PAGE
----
Previous month:
October 2007
Next month:
December 2007

Is The Universe Expanding?

Library of Congress image, catalog no. Lamb 2272


This is the first — and probably last — in a series, Ask The Celestial Monochord, where readers get the answers they deserve, given that they asked The Celestial Monochord. A reader writes (without asking anything at all):

Just wanted to let you know about an article in the Sept.-Oct. 2007 issue of "American Scientist," p. 383: "Modern Cosmology: Science or Folktale?" by Michael J. Disney. I found it interesting because it agrees with my view that current theories do not form a stable paradigm, or, as I've said to people (who disbelieve me, of course), "In 20-40 years, the universe will no longer be expanding." I have no idea, of course, what theory will take its place.
Well ... you're probably crackers, although I haven't read the article. I did take a few classes in the philosophy of science in grad school, though, so my crackers have something your crackers haven't got — a diploma, as Professor Marvel would say.

I see at least two ways that old ideas are abandoned in science. One happened to cold fusion. The idea is interesting for a little while, but sooner or later it just turns out to be BS, and is chucked overboard. You seem to be saying that will happen to universal expansion, and if so, I bet you're wrong.

There's another way, and there, you're almost certainly right. I think of the "spiral nebulae." They were noticed and listed and described alongside all the other fuzzy patches in the sky. Once it was realized that they were "island universes," like our own Milky Way except millions of light years away, they increasingly got called galaxies, but the full transition in both terminology and mental image took decades.

Then galaxies were thought of as nice patches of stars interspersed with some dust and gas. But as time went on, they came to be thought of as dense areas of dark matter, with stars and gas and dust just "floating on top." Today, a galaxy is no more stars and interstellar clouds than a pint of Guinness is bubbles. Probably, professional astronomers and younger amateur enthusiasts have trouble thinking about galaxies any other way.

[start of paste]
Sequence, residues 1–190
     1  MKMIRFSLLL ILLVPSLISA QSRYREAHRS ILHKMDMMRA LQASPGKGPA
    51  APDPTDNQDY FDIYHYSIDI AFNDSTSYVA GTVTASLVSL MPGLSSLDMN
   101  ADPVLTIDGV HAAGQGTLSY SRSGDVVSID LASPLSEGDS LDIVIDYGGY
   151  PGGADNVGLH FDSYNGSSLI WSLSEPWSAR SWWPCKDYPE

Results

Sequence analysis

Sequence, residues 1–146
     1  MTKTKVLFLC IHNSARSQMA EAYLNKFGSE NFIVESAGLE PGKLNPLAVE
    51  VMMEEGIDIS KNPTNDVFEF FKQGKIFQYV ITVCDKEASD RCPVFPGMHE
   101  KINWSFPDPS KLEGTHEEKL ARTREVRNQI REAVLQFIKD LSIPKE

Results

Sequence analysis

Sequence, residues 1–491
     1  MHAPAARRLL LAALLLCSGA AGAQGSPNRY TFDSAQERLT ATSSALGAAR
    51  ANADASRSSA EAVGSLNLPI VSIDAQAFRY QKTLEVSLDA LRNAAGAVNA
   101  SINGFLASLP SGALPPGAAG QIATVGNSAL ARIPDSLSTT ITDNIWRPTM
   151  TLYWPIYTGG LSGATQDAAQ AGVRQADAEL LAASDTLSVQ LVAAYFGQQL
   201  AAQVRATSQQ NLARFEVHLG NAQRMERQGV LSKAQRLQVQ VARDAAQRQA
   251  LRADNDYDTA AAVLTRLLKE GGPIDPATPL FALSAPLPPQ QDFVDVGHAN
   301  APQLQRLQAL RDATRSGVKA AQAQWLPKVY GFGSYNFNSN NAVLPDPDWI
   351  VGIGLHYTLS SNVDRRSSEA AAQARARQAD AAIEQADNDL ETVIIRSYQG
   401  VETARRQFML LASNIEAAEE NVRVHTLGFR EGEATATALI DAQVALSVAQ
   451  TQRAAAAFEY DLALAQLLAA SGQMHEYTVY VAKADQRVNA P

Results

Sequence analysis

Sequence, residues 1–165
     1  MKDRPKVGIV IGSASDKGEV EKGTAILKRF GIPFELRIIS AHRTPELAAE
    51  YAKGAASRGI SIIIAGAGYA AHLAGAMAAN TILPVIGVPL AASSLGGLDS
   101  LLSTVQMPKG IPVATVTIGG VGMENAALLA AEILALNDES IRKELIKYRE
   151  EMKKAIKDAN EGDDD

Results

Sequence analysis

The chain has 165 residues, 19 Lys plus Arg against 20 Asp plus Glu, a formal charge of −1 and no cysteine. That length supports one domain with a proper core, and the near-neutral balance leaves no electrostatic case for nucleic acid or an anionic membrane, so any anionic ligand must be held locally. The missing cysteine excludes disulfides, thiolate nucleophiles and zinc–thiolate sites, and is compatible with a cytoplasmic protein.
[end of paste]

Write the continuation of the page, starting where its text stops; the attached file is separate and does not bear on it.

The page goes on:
It takes a historian of science to go back and try to recover exactly what people meant when they said "galaxy" in, say, 1970. A historian who shows that these "galaxies" have been abandoned might be widely regarded as a nit-picking dilettante among professional astronomers — a judgment that would have its own merits and limitations.

In any case, my point is that some scientific ideas suddenly go extinct, while the rest evolve into new ideas without most people really noticing. I bet universal expansion and the "big bang" (a term already used more in the company of cameras and microphones than other scientists) will meet the latter fate — as will almost everything in science. And that's one of the things that recommends science as a way of making sense of the world — its thinking simply grows up in response to new information.


A Guest of Honor

King of ragtime


One night in Tucson in April 1988, on a whim, I turned on a TV. I hadn't owned one for the previous four years, and wouldn't for another six, so anything I saw that night would have made a strong, if dream-like, impression.

By chance, what happened to be on PBS was the Houston Grand Opera's production of John Adams' minimalist opera, Nixon in China.

I remember having no idea what to make of it. I was 23 and had recently seen Koyannisquatsi, with its score by Philip Glass — my first exposure to minimalism. My deepest immersion in opera to that point had been an afternoon at a University of Arizona production of Mozart's Cosi fan tutte.

I no longer have any recollection from that night of Nixon in China's music — maybe I couldn't make enough sense of it at the time to register an imprint. What I do remember was a colossal Air Force One taxiing onto the stage. Now THAT made an impression ... which I guess is what Air Force One is for, no matter where it turns up.

Mostly, I recall feeling ill-at-ease with the idea of a grand opera about Nixon's trip to China. Was the composer a Republican? Was this propaganda? Wasn't high art a liberal thing? And wasn't opera supposed to be about the olden times, not something that happened in 1972? I would have had no qualms about PBS airing Wagner's Parsifal — but Nixon in China?